Archaeological discovery yields ancient Roman road

In February, a stretch of an ancient Roman road was unearthed roughly 20 miles west of Jerusalem.

Workers with the Israel Antiquities Authority discovered the passageway while doing excavations in advance of a water pipeline installation, report the Jerusalem Post.

The roadway extends for about 495 feet and measures just under 20 feet across.

Irina Zilberbod, one of the archaeologists, noted that the road, "...was apparently meant to link the Roman settlement that existed in the vicinity of Beit Natif with the main highway known as the 'Emperor's Road.'"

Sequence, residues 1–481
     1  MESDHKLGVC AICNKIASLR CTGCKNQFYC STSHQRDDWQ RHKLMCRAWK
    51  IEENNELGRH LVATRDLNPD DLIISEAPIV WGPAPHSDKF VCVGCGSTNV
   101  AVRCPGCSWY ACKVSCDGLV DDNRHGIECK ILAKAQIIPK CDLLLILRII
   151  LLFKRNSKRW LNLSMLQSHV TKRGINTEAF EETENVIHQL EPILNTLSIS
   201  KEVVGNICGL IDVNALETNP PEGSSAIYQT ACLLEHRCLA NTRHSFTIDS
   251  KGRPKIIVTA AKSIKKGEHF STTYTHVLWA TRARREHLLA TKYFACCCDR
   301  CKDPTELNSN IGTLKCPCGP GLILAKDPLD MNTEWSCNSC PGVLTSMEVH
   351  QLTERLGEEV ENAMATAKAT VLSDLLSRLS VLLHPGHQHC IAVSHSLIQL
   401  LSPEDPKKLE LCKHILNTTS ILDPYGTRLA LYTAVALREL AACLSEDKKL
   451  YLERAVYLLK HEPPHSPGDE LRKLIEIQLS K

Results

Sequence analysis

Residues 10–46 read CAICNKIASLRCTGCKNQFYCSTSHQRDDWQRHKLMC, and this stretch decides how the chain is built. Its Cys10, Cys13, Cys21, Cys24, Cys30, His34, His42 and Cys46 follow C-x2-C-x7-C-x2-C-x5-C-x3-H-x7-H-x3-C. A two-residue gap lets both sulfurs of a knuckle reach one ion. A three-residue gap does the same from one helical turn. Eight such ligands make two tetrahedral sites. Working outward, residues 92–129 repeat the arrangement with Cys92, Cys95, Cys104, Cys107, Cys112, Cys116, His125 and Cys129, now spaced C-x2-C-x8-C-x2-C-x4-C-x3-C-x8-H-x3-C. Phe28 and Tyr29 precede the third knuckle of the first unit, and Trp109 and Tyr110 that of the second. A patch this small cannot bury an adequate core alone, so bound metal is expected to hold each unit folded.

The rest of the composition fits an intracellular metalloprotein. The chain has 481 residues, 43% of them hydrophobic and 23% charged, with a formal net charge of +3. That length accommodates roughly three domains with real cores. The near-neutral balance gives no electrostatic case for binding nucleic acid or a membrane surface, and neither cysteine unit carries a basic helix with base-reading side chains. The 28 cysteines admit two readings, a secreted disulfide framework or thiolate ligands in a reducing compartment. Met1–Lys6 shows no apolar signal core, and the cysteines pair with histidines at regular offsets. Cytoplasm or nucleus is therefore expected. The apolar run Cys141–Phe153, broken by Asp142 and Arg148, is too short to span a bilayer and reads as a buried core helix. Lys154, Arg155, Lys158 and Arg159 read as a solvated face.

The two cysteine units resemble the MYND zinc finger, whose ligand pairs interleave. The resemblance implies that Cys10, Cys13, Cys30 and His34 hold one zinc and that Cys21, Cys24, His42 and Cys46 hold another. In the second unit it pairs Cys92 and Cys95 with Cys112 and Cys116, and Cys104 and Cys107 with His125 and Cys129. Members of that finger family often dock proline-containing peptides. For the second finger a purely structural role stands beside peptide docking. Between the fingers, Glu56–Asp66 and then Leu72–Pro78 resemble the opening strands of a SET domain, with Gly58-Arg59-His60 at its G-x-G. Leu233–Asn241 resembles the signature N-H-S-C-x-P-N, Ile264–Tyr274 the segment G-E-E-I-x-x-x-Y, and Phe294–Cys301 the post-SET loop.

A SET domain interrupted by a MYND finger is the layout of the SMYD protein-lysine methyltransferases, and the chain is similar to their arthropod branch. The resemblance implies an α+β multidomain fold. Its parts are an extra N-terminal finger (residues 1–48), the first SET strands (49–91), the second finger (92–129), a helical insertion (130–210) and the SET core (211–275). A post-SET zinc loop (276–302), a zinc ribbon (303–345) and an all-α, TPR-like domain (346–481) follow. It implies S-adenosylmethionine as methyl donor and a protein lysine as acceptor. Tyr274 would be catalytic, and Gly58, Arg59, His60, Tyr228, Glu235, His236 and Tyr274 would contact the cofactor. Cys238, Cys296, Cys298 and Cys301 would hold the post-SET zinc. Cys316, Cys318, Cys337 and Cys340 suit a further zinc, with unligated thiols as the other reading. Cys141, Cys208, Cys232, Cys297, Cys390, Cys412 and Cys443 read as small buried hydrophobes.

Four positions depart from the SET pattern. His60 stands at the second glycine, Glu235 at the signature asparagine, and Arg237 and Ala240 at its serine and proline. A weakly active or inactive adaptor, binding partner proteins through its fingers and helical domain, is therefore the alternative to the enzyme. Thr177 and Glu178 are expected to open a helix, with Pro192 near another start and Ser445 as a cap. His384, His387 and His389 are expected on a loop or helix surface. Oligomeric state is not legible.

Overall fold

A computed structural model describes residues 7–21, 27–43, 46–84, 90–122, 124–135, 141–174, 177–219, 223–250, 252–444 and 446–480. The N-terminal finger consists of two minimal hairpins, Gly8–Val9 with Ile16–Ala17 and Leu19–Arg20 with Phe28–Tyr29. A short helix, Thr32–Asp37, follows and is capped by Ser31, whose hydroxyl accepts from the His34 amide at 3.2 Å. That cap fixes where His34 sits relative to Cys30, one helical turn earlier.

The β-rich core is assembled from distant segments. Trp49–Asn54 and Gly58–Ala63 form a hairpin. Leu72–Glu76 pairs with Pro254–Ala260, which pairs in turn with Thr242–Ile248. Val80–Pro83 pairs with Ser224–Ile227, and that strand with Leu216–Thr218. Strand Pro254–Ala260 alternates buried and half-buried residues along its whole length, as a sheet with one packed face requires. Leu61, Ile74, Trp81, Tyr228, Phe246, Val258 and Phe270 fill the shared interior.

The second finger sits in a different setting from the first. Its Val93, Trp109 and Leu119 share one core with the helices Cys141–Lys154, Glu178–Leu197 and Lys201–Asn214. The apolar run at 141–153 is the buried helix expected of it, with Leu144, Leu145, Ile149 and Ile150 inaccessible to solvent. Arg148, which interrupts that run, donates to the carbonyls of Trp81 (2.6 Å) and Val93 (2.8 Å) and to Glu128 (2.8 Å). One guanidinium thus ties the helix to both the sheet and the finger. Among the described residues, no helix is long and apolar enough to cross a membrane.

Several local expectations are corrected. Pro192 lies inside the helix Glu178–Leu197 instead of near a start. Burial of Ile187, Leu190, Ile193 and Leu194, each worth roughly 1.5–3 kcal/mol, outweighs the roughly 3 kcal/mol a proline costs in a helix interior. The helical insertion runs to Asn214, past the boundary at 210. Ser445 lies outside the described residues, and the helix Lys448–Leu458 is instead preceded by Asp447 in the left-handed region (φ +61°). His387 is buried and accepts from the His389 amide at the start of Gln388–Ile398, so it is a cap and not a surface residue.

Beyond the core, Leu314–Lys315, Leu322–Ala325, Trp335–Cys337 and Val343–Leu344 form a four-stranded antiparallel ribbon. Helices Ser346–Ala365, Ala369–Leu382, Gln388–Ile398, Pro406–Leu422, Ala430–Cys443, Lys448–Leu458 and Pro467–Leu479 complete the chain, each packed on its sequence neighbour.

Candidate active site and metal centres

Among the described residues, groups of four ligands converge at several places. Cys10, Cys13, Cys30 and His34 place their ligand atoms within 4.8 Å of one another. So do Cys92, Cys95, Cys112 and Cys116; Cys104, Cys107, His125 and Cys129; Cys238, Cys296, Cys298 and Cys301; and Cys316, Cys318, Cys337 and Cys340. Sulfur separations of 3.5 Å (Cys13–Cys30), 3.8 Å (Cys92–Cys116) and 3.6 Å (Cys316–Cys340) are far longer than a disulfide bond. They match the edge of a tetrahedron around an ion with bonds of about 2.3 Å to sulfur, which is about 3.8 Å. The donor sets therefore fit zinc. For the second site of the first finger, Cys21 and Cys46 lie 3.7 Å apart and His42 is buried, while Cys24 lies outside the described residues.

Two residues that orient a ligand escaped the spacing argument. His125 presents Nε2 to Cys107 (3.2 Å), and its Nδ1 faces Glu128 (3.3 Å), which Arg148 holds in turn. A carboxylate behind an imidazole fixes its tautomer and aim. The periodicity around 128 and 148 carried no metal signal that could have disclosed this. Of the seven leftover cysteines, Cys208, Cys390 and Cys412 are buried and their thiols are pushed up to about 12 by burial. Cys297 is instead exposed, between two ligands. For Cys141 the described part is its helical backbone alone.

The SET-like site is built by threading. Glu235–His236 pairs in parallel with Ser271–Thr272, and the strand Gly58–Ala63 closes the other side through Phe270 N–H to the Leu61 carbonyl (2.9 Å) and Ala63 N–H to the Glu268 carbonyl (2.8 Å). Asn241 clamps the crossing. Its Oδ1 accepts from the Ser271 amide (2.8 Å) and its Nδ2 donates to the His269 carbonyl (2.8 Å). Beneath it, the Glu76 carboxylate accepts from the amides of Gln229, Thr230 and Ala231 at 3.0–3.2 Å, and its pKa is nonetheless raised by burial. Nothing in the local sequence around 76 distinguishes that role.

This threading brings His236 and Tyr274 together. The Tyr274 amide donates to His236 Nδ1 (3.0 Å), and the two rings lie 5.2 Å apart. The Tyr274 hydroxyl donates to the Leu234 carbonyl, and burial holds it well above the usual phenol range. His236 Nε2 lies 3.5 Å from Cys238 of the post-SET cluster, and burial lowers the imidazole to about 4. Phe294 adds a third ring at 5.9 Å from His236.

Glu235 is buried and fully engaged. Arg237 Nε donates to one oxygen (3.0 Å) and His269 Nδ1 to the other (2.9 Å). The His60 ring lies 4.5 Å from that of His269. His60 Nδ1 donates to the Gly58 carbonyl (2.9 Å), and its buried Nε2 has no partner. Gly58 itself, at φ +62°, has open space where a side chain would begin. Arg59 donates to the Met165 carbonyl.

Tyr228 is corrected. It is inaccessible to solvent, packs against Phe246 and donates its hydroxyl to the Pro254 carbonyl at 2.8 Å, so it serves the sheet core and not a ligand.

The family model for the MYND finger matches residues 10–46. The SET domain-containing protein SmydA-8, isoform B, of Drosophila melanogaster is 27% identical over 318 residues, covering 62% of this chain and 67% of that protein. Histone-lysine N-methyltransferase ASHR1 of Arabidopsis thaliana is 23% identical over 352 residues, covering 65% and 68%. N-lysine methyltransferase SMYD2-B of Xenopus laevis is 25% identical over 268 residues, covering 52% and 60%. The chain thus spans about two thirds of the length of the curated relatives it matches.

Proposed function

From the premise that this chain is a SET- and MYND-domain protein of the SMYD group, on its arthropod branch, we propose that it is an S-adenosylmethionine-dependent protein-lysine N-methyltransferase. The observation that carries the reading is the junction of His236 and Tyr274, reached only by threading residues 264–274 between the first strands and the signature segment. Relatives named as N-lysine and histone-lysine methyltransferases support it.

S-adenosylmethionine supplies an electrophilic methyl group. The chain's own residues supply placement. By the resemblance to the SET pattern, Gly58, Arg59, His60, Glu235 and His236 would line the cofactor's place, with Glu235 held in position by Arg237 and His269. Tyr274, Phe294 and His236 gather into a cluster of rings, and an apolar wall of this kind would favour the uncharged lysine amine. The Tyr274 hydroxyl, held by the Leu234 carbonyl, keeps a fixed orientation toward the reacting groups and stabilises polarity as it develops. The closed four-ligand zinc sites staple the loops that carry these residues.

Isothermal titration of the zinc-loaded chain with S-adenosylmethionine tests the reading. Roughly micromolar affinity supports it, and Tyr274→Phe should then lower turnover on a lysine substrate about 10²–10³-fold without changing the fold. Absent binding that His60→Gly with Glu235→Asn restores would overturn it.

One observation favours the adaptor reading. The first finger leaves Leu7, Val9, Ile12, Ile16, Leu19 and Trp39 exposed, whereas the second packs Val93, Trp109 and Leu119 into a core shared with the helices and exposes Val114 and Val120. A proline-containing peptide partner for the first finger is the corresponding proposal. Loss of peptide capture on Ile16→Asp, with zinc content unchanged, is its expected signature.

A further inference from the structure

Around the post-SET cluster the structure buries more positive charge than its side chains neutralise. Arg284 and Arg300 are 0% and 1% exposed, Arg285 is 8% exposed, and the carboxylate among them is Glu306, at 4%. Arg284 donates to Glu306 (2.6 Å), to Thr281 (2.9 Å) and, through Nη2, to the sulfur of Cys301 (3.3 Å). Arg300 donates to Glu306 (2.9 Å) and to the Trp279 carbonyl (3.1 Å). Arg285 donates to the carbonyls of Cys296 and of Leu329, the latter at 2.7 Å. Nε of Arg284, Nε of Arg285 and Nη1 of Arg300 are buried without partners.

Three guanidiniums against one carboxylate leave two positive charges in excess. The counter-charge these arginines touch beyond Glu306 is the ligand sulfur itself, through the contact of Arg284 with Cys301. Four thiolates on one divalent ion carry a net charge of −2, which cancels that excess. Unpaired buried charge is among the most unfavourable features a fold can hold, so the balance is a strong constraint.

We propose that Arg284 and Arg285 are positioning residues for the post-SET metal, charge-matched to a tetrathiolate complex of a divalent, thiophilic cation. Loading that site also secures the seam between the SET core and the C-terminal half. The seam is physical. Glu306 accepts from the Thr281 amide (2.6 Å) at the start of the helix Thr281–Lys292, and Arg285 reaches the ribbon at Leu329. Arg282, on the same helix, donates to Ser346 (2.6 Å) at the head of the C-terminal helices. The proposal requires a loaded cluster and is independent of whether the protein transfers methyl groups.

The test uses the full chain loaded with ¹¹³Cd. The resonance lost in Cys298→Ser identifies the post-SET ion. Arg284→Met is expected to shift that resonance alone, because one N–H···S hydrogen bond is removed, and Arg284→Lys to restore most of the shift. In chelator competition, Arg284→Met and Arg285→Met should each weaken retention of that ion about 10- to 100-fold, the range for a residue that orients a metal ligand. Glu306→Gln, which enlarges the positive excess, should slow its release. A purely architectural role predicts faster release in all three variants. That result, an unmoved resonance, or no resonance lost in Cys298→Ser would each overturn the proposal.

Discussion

She further commented, "...during the Roman period, as a result of military and other campaigns, the national and international road network started to be developed in an unprecedented manner. The Roman government was well aware of the importance of the roads for the proper running of the empire."

A while back, a marker bearing the name of the Roman Emperor Hadrian was discovered in an area not far from the road.

As such, it is believed the recently uncovered road was built around 130 CE, a time marked by the emperor traveling to the area and the suppression of the Bar Kochba revolt, notes Haaretz.com.

An intention to preserve the ancient passageway has been announced.

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